Earlier this month, Denmark became the fifth country in Europe to introduce a ban on face coverings in public places. The policy is widely viewed as being targeted at Muslim women who wear veils such as the niqab.
Despite protests in the country’s capital, police have started enforcing the law in earnest. On Aug. 3, a 28-year-old wearing the niqab, which covers the entire body except the eyes, was attacked by another Danish woman who tried to pull her veil off, the Guardian reported. Police fined the Muslim woman $156.
Legislation around full-face veils has grown increasingly common in Europe, particularly in the past three years. Six countries have now passed nationwide laws that partially or fully ban face veils in public places. The latest is the Netherlands, which voted in June to partially ban face veils in locations such as schools and hospitals, but not on public streets.
|Nationwide bans or partial bans||France, Belgium, Bulgaria, Austria, Denmark, the Netherlands|
|Local bans in cities or towns||Spain, Italy, Switzerland|
|No bans, but pending legislation for local or national bans||Germany, Latvia, Finland, Luxembourg|
Several other European countries, including Spain and Italy, have banned them in individual cities and towns, and even more have reviewed proposals for bans at a local or national level.
Widespread calls for legislation outlawing face veils in public places started in France, which in 2011 became the first European country to introduce a nationwide ban. At the time, French President Nicolas Sarkozy argued during a state-of-the-nation address that the burqa — a head-to-toe covering with mesh screening the eyes, mainly worn in Afghanistan — was a “sign of subservience and debasement.”
"I want to say solemnly, the burqa is not welcome in France. In our country, we can’t accept women prisoners behind a screen, cut off from all social life, deprived of all identity. That’s not our idea of freedom,” Sarkozy said to rapturous applause from lawmakers, the Guardian reported.
Another common justification for the ban is that face veils conceal the identity of the wearer, posing a security threat.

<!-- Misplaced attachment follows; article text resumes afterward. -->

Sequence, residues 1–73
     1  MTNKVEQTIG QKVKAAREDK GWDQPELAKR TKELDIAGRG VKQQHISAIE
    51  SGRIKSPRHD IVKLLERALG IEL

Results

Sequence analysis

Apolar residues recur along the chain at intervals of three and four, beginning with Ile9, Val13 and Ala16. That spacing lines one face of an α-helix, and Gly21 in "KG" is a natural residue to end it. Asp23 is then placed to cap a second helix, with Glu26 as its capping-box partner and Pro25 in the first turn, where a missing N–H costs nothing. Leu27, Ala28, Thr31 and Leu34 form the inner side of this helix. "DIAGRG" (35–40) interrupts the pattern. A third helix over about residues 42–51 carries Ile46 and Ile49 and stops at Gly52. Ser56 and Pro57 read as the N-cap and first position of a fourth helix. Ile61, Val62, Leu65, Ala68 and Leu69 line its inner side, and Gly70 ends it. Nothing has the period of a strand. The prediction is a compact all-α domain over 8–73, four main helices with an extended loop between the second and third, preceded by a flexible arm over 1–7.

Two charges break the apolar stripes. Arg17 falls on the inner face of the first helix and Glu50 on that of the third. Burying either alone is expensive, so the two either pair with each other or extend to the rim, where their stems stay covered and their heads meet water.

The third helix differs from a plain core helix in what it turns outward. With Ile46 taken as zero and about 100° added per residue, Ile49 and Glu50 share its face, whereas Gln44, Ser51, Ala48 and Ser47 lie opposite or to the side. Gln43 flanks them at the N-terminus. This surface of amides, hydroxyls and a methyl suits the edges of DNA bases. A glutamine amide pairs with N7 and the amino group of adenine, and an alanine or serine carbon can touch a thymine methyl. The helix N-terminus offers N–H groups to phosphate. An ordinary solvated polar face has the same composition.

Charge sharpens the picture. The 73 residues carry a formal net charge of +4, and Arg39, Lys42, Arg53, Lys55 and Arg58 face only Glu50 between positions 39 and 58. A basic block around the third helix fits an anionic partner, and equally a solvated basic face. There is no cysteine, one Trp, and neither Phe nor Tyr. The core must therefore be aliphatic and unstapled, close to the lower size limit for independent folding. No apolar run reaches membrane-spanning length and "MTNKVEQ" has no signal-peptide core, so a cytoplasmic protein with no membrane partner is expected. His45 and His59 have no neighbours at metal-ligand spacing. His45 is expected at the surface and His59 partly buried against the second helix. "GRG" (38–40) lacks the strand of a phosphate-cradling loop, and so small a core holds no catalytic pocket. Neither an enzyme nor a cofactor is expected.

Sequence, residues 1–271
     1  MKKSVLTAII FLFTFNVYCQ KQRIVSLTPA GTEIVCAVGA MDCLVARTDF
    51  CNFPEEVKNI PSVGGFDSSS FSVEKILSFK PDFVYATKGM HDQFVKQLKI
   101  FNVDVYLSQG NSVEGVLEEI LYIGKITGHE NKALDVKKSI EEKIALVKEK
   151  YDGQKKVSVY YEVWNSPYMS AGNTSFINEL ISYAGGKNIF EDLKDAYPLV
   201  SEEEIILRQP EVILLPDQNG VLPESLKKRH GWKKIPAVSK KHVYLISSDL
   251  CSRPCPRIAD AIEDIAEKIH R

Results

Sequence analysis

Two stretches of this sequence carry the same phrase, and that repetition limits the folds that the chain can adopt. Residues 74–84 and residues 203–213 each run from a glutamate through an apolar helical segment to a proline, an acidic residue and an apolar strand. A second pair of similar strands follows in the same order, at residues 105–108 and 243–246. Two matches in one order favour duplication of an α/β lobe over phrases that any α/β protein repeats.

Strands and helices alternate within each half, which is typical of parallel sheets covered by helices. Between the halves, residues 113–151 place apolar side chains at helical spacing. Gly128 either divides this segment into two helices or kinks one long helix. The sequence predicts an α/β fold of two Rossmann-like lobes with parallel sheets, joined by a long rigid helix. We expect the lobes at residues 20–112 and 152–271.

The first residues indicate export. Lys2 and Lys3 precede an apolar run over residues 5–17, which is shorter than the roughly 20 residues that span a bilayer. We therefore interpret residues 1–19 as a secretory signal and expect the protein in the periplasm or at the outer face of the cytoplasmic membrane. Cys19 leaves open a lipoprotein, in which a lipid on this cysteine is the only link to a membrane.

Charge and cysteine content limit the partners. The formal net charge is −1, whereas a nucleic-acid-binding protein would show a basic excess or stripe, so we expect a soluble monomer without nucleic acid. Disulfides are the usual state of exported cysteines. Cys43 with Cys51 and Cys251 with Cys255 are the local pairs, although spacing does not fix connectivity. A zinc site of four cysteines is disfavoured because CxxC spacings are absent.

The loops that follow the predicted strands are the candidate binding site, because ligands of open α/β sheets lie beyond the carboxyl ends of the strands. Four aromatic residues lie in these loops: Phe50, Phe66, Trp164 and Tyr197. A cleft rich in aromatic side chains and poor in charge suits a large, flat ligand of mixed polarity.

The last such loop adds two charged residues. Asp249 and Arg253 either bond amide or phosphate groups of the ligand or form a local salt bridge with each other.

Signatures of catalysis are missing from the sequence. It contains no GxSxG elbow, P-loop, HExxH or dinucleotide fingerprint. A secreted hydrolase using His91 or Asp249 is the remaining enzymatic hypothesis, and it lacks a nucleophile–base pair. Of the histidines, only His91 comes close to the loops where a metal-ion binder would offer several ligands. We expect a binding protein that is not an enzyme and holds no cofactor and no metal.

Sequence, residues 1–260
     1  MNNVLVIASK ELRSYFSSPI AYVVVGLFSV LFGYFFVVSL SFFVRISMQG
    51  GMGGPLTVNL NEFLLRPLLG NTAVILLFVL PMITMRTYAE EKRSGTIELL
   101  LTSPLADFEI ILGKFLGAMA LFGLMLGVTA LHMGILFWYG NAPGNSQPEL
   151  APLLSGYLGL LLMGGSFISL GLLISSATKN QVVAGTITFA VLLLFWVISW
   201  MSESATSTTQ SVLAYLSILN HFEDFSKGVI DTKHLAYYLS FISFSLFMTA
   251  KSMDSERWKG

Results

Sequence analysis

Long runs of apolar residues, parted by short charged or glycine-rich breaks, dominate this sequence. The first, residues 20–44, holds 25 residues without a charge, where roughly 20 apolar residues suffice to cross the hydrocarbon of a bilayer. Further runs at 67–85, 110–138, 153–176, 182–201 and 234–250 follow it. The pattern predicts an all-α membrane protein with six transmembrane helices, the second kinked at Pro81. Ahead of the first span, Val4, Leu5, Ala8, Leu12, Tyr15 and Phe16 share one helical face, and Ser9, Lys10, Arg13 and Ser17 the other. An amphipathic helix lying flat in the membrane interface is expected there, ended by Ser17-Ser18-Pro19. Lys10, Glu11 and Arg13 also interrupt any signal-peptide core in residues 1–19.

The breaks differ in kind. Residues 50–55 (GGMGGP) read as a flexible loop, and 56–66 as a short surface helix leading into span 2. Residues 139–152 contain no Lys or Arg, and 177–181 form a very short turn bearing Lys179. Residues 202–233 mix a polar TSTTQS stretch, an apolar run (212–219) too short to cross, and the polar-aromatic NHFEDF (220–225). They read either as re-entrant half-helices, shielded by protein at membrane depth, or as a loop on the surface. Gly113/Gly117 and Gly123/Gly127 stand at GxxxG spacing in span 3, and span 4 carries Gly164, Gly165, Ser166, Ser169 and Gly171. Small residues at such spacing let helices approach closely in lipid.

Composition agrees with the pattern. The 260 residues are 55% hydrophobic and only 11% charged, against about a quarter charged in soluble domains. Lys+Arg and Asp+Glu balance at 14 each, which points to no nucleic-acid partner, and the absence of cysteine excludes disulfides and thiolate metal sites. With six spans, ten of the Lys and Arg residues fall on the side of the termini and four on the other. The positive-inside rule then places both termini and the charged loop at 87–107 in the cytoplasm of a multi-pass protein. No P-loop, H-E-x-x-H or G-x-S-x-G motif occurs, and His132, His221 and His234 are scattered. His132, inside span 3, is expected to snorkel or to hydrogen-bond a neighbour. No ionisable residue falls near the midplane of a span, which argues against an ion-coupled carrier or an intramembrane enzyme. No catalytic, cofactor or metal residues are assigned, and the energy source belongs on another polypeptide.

In Latvia, for example, where just three women among the country’s population of 2 million are estimated to wear the burqa, debates around a proposed ban on face veils have frequently featured concerns over security. In 2016, Vaira Vike-Freiberga, the former president of Latvia, told the New York Times that “covering one’s face in public at a time of terrorism presents a danger to society. … You could carry a rocket launcher under your veil. It’s not funny.”
Politicians also frequently contend that face veils are inconsistent with existing “European values,” mounting what experts describe as a “clash of cultures” argument.
In 2017, Germany’s then-interior minister, Thomas de Maizière, called for a nationwide ban on face veils in an editorial that stated: “We are an open society. We show our face. We are not burqa.” Earlier this year, while Denmark’s Parliament debated the face-veil bill that would later become law, Justice Minister Soren Pape Poulsen contended that a person concealing her face was “disrespectful” to others and “incompatible with the values in Danish society.”
Regardless of the justification, policies governing head veils are likely to grow more prevalent in the coming years, particularly as European governments try to stave off the growing influence of right-wing leaders in their countries, experts said.
While the percentage of women who wear the niqab or burqa is tiny in most European countries, said Akbar Ahmed, a professor at American University, their veils are visible markers of the Islamic community that right-wing leaders point to as evidence of the “Islamization” of Europe.
And as right-wing groups gain more traction, even moderate or liberal administrations may feel pressure to make a strategic choice to ban face veils, explained Asma Uddin, a senior scholar and faculty member at the Religious Freedom Center of the Freedom Forum Institute. Perhaps more importantly, she added, governments in Europe now feel like they have license to take such steps because of the legal precedents set by their neighbors.
In 2014, the European Court of Human Rights (ECHR) upheld the French ban on face veils, ruling against a 24-year-old Muslim woman who argued that she wanted to wear her burqa as a matter of religious freedom. In 2017, the ECHR issued similar decisions against two Belgian women, ruling that the country’s ban on face veils does not violate the European Convention on Human Rights.
As Uddin explained, “We can say all these things about them violating freedom of religion, but over there, their own highest court is saying to them, ‘You’re not. You’re justified in what you’re doing.’ ”
This post has been updated with changes to its graphics.